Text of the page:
–a digital recorder
–a green plastic alien who dangled from one of the zippers, which had been a present from my sister Elizabeth

And more, of course.

My bag is an extension of myself, almost a portable sanctum.


The list goes on. Crystal’s dad had given her a couple pieces of jewelry that her mom had bought before she died. They were in another bag in the back seat, which was taken.

Crystal’s slippers.

Several of my CDs, including one on loan from Raquel.

Gone. Gone. Gone.

They didn’t take everything, thank God. But they made out…well, they made out like bandits.

And somewhere in there, my emotions caught up with me. And, besides the anger and the sadness, there was this feeling of being offended. What had I done to these people that they treat me like this?

And then I felt violated. This was more than just my sense of security being shattered, though that’s certainly true. Rather, I felt attacked. These are things that I carry close to me, and they had been suddenly stripped from me. Violence had touched me, leaving me feeling exposed to the cold dark world.

I really needed that laptop to do work this week. Instead, I’m trying to do time-sensitive work while configuring a new computer. That’s frustrating.

I’m so used to carrying my bag everywhere that the lack of it is a constant reminder of what happened and what I lost. Crystal encouraged me to start putting together another bag, which I’ve done. But, it’s not really ready yet. And I’ll never be able to replace that green dangly alien.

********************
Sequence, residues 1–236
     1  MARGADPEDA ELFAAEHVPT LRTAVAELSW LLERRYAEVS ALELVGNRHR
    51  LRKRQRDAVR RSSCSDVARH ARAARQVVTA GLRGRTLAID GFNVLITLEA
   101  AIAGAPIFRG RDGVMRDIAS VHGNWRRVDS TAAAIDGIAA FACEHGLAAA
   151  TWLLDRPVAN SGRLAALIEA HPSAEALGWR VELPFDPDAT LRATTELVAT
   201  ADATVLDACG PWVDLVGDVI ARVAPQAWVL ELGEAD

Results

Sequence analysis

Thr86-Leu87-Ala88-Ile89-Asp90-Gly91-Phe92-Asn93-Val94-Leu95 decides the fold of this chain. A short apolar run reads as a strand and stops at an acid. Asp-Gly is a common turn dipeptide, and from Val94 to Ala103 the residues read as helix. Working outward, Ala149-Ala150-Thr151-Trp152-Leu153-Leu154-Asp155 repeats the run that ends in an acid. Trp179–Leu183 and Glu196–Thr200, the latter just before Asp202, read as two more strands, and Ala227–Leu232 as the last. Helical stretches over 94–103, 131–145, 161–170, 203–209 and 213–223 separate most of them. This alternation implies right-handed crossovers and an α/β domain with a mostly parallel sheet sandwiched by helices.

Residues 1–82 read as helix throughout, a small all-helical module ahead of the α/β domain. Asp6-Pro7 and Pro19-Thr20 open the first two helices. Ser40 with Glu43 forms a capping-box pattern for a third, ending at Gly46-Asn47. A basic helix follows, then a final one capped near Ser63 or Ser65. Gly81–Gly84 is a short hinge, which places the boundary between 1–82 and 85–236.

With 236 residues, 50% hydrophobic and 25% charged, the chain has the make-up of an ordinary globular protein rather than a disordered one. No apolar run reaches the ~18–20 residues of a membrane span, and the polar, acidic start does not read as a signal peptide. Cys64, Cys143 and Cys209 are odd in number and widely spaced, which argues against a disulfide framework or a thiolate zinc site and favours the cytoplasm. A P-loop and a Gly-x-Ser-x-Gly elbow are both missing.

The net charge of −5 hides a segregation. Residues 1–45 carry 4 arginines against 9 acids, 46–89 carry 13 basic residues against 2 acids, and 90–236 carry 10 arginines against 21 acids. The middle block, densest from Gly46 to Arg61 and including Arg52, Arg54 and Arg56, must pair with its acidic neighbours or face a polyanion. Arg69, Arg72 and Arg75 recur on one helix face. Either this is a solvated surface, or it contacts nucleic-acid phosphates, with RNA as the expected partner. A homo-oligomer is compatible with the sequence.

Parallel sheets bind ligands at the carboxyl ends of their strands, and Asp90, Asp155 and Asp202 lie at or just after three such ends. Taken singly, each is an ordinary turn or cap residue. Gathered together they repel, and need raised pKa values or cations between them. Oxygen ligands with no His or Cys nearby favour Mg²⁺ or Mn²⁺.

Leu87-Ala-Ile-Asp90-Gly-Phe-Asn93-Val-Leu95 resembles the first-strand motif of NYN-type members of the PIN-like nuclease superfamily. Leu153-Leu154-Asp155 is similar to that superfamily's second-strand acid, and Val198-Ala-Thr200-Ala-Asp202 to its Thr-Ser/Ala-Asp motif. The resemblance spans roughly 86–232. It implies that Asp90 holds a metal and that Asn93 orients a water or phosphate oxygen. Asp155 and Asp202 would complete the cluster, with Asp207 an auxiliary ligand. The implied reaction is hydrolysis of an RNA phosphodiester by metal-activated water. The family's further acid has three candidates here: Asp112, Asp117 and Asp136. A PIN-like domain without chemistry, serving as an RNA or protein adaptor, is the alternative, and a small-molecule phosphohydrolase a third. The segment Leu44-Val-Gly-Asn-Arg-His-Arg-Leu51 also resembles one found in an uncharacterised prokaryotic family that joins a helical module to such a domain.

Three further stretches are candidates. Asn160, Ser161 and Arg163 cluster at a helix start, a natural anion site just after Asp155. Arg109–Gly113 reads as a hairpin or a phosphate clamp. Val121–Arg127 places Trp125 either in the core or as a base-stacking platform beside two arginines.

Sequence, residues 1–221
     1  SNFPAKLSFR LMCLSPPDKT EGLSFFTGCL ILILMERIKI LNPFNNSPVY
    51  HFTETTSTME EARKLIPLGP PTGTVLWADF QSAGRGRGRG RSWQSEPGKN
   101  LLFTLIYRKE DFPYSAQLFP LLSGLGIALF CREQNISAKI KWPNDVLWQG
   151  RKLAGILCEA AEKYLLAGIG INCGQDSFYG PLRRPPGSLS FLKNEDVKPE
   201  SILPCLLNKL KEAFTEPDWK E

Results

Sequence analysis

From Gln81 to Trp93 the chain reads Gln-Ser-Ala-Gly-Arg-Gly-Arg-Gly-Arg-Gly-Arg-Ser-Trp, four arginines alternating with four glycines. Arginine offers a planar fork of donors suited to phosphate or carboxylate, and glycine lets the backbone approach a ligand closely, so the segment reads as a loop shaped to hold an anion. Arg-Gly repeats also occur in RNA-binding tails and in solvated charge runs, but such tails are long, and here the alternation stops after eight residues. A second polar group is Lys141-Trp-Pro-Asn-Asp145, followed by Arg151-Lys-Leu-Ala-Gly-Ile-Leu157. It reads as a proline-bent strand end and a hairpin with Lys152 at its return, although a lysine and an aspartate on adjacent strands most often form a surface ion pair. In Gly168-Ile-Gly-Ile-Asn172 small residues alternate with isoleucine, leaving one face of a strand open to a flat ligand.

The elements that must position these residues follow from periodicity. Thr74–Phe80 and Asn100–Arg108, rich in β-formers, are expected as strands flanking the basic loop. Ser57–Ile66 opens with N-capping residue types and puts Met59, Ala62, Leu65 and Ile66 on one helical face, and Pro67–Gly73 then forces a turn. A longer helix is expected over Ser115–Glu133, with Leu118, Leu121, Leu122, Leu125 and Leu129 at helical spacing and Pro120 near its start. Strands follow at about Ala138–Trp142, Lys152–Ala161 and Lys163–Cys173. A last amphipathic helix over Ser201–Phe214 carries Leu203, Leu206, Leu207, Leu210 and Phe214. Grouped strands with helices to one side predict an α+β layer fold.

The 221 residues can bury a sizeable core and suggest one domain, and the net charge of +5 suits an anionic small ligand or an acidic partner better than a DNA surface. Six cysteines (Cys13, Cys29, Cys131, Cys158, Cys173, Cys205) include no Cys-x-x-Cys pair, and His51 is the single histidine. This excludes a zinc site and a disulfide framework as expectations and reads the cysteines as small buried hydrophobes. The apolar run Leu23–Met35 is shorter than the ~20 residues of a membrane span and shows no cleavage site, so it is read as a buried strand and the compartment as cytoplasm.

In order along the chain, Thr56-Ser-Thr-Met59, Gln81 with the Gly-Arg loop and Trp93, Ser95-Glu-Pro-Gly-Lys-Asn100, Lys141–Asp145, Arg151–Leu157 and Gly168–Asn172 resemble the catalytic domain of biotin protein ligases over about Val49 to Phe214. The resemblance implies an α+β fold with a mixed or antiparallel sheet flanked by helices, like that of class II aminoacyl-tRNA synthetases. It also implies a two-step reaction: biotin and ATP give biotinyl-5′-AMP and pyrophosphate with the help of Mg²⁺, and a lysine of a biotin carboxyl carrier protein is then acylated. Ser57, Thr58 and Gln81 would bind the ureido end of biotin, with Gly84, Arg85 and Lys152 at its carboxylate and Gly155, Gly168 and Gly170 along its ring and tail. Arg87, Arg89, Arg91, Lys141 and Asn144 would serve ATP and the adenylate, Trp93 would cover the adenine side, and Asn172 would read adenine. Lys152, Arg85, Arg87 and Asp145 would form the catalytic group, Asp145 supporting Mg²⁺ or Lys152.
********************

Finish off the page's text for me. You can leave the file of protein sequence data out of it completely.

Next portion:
And here I am, writing this, and I’m actually starting to cry over a silly plastic alien.

But it was special. It meant something to me. It was mine.

And someone stole it away from me. Just like that. Stole it and probably threw it away, because it wasn’t actually worth any money. Or worse, dangling from someone’s key ring as a trophy of that amazing smash-and-grab where they scored big.

If you have to be a victim of a crime, I guess this is the best kind. Neither Crystal or I were hurt. In fact, neither of us were physically threatened in any way. I mean, I’ve been reading Homicide, right? Those victims don’t get to walk away. So, I’m thankful to God for that.

And yet, we both are still feeling violated and hurt. And, honestly, there’s nothing to do except try to move on from here and say, “The LORD gave, and the LORD has taken away; blessed be the name of the LORD.” And, by God’s grace, that’s what we shall do.

But, I suppose, I have also gained something. I have gained an immediate understanding of what it feels like to be a victim of crime. And, if nothing else, I will be better able to empathize with others who have been similarly victimized. And, perhaps, I will be better equipped to help stop others from being victimized, too.

And, lest anyone is concerned, yes, I still plan on making and playing crime games. I mean, after an experience like this, how could I stop?

5 responses to “On being a crime victim